The other day on Facebook, I wrote a post saying that one should always vote according to principle. I wanted to take the opportunity to clarify what I meant in that post.
First, voting on principle is not the same thing as voting on ideological purity. A candidate is rarely, if ever, going to reflect the ideology one holds perfectly. Even though I am voting for him, I do not agree with Gary Johnson on every position he holds. Moreover, there are stances he takes that quite a few libertarians would disagree with. However, in the big picture he is a libertarian, and is doing a decent enough job of representing what the libertarian position looks like in modern American politics.
Second, and following on the first point, I am not saying one cannot vote pragmatically. In some ways my support for Johnson is pragmatic. However, when I say that one should always vote on principle, it means you should always look for the candidate that you respect, and will make the best president. If you don’t think anyone fits that mold, then you shouldn’t vote for any of the options. However, within that framework, there is a lot of room to move around in terms of ideological considerations and pragmatism. Unlike Johnson, I am pro-life, and I think freedom of association deserves more thought than what he seems to be giving it. However, I also agree with him on many other positions, and I think he will not do much harm to those areas where I disagree with him. I also think that both him and Weld, his running mate, were good governors, as far as I have been able to gather, and I think Johnson would make a good president. That is, he will uphold and defend the constitution of the United States.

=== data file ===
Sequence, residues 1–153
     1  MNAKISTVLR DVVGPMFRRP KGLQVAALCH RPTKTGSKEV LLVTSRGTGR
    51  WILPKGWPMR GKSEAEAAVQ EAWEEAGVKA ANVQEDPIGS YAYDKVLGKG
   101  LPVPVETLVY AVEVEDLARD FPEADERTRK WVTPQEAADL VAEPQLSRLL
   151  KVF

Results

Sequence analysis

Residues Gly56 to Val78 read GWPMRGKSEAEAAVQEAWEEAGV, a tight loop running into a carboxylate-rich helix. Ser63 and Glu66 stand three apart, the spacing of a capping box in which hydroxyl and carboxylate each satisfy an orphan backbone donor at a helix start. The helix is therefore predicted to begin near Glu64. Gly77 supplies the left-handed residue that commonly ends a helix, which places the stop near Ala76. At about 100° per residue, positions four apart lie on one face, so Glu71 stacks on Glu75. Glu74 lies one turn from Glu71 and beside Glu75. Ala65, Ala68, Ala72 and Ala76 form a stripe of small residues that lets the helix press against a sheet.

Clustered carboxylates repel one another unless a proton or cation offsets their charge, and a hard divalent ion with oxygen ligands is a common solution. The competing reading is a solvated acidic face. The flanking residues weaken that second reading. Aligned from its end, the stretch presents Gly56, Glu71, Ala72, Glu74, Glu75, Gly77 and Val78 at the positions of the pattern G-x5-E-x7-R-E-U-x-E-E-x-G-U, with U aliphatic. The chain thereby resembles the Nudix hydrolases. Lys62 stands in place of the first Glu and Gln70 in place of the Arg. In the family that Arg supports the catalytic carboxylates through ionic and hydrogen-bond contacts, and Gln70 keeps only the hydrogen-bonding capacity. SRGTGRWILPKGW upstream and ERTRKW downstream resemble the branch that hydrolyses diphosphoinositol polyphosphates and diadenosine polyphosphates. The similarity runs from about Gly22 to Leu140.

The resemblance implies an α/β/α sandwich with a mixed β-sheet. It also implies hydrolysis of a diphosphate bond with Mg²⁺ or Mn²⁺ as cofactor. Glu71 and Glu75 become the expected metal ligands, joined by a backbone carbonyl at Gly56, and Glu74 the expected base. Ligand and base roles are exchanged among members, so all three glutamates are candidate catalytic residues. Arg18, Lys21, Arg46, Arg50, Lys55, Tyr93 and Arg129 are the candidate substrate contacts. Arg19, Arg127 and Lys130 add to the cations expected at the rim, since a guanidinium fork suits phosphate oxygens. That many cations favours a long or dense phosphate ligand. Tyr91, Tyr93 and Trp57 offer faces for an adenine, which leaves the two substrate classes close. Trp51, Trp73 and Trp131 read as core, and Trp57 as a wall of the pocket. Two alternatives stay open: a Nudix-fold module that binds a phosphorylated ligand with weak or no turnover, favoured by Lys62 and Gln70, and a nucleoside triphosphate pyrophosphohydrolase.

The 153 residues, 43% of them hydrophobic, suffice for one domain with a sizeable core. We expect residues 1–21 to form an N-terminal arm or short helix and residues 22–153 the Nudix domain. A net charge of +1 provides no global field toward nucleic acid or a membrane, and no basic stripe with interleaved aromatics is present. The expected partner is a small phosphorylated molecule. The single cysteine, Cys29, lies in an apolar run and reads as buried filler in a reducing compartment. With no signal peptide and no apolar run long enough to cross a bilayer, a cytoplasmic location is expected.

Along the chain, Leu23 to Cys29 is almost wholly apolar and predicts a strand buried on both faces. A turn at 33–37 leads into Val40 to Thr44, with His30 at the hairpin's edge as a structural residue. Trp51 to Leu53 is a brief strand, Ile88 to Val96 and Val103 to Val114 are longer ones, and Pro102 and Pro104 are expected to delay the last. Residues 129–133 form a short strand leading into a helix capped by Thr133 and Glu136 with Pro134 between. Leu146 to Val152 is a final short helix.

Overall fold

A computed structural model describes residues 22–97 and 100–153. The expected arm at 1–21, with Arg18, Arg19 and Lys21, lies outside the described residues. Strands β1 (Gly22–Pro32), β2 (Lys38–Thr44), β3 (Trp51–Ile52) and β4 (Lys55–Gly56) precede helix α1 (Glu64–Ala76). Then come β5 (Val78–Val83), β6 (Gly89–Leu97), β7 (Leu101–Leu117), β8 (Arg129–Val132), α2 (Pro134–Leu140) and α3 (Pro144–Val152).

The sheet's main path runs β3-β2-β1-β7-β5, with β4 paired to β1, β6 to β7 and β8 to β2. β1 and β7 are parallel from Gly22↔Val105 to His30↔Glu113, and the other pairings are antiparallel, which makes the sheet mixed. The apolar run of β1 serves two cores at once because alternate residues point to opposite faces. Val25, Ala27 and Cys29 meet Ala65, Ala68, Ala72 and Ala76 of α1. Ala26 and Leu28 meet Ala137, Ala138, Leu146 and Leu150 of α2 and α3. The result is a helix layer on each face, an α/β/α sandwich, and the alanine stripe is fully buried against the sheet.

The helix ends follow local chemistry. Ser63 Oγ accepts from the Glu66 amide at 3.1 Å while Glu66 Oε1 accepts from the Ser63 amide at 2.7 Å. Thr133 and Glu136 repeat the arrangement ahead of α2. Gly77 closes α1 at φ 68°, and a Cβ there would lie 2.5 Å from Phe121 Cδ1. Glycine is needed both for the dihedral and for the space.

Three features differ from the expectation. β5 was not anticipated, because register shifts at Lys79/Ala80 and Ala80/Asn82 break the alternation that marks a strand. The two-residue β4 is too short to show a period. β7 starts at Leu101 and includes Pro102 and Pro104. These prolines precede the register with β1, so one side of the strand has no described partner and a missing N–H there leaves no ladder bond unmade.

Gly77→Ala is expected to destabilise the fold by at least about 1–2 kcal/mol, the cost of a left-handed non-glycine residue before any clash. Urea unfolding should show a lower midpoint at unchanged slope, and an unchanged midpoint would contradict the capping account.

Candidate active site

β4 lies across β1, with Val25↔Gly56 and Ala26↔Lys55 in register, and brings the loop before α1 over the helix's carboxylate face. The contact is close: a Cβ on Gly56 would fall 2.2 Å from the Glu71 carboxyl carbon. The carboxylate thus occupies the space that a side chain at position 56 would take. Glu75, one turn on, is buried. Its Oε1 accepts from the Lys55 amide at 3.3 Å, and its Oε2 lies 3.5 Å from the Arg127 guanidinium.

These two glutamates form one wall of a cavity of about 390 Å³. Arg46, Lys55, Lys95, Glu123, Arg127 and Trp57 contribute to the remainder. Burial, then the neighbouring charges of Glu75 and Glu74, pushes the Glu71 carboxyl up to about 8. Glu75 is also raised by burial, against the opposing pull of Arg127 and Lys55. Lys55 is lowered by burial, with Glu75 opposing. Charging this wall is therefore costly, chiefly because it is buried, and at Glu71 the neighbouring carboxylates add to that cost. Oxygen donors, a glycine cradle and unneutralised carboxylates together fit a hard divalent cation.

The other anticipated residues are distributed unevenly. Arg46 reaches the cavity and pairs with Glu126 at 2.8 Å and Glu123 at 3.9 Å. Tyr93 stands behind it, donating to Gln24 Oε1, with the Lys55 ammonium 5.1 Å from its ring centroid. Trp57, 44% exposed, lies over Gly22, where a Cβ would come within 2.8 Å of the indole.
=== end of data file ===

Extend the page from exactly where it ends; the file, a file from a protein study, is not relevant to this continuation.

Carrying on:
This is my take at least, and I welcome others. Ideology, and other factors, will obviously play a role in how we understand the principles that we apply. However, voting for a lesser of two evils is simply not an option. Sometimes it is best to not vote.